The number of U.S. cars being made in Mexico has grown this year, despite President Trump’s stern warning to U.S. automakers to keep factory jobs in America, according to a study released Friday.
Buoyed by strong demand for SUVs and pickups, automakers produced 16 percent more light vehicles in Mexico during the first six months of 2017 compared to the same period last year, according to an analysis.
The data also shows that one in five cars built in the North American Free Trade Agreement (NAFTA) zone, which includes Mexico, Canada and the U.S., come from Mexico. That is an increase from when the U.S. auto market was reliant on Mexico during the financial crisis.
Some versions of Fiat Chrysler’s Ram and Chevrolet’s Silverado, two of the best-selling vehicles in America, are built in Mexico.
The latest data also shows that U.S. light-vehicle manufacturing fell 5 percent during the first six months of this year compared to a year earlier, leading some automakers to cut workers altogether or diminish their hours.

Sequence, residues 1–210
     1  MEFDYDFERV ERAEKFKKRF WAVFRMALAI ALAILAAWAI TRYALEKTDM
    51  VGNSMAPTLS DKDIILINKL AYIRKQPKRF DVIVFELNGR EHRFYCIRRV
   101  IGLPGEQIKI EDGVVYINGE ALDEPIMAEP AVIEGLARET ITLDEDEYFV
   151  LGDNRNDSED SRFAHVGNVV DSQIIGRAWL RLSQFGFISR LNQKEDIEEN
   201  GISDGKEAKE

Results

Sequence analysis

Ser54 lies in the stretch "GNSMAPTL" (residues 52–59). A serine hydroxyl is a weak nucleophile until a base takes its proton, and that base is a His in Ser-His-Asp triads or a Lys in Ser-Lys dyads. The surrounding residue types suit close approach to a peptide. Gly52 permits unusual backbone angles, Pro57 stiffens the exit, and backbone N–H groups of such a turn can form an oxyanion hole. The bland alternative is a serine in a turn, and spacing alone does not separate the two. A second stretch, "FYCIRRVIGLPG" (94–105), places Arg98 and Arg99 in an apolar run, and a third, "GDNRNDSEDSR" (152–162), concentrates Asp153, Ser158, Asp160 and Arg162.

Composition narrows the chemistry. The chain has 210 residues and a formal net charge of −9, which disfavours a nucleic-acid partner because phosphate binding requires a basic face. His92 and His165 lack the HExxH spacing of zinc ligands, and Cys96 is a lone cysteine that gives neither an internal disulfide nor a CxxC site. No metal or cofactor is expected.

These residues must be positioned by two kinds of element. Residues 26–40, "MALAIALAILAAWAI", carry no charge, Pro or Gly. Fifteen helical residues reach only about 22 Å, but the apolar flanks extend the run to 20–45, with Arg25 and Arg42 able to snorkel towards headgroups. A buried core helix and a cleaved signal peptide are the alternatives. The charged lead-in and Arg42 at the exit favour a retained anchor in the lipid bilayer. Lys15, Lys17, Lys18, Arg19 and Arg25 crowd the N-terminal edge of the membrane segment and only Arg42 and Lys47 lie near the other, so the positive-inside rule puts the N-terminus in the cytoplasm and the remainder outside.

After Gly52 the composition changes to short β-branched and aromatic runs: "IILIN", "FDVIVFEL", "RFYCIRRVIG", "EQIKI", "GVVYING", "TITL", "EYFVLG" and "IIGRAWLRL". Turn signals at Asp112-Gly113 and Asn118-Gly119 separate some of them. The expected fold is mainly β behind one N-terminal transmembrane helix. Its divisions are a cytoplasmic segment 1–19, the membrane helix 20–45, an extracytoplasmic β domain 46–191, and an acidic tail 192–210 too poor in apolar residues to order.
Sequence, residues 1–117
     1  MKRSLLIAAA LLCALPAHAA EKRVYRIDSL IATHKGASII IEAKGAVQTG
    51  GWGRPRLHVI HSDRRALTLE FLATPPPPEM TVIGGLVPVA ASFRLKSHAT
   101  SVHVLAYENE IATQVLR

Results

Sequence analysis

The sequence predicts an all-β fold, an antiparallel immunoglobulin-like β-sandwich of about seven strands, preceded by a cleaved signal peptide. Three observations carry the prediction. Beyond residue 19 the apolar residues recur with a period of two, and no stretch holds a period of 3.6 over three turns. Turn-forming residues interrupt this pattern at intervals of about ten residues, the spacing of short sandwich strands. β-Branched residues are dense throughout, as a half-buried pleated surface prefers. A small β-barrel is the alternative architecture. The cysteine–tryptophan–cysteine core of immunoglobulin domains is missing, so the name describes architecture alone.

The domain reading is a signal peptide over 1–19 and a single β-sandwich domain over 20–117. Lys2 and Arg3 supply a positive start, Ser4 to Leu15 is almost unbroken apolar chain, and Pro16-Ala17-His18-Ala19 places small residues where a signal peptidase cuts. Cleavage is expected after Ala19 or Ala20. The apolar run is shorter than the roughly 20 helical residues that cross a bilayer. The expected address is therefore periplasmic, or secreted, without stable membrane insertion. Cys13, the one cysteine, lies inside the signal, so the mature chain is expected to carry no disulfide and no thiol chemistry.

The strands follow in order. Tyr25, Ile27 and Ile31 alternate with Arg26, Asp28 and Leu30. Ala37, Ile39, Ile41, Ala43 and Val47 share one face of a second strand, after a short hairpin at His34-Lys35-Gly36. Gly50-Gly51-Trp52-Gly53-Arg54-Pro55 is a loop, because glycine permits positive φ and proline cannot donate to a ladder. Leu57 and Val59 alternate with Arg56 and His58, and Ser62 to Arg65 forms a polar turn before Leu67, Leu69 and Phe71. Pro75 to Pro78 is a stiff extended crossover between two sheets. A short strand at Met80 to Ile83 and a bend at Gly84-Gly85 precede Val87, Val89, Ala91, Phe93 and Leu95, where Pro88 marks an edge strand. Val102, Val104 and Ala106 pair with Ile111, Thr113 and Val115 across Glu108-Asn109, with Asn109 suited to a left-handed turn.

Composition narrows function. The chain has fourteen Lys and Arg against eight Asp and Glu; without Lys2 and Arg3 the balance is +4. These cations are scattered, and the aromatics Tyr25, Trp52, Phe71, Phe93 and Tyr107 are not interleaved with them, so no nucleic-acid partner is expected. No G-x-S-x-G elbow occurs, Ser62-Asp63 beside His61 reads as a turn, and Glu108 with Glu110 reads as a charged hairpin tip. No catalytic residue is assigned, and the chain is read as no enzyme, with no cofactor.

Throughout the campaign and since being elected president, Trump has lambasted automakers and urged them to produce more cars in the U.S.
Since then, Ford moved to invest in a Michigan factory instead of building a new assembly plant in Mexico. GM and Ford also pledged to invest billions of dollars in adding jobs in U.S. factories over the next few years.
The vehicle-manufacturing business will likely be a major negotiating point as the Trump administration works to overhaul NAFTA.
Talks between the U.S., Mexico and Canada are set to begin next month.
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